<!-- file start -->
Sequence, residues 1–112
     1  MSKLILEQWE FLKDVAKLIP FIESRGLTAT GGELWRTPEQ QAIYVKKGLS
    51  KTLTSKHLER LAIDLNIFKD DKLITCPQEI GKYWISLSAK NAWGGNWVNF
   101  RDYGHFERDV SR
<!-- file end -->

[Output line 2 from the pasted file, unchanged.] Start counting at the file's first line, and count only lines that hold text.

     1  MSKLILEQWE FLKDVAKLIP FIESRGLTAT GGELWRTPEQ QAIYVKKGLS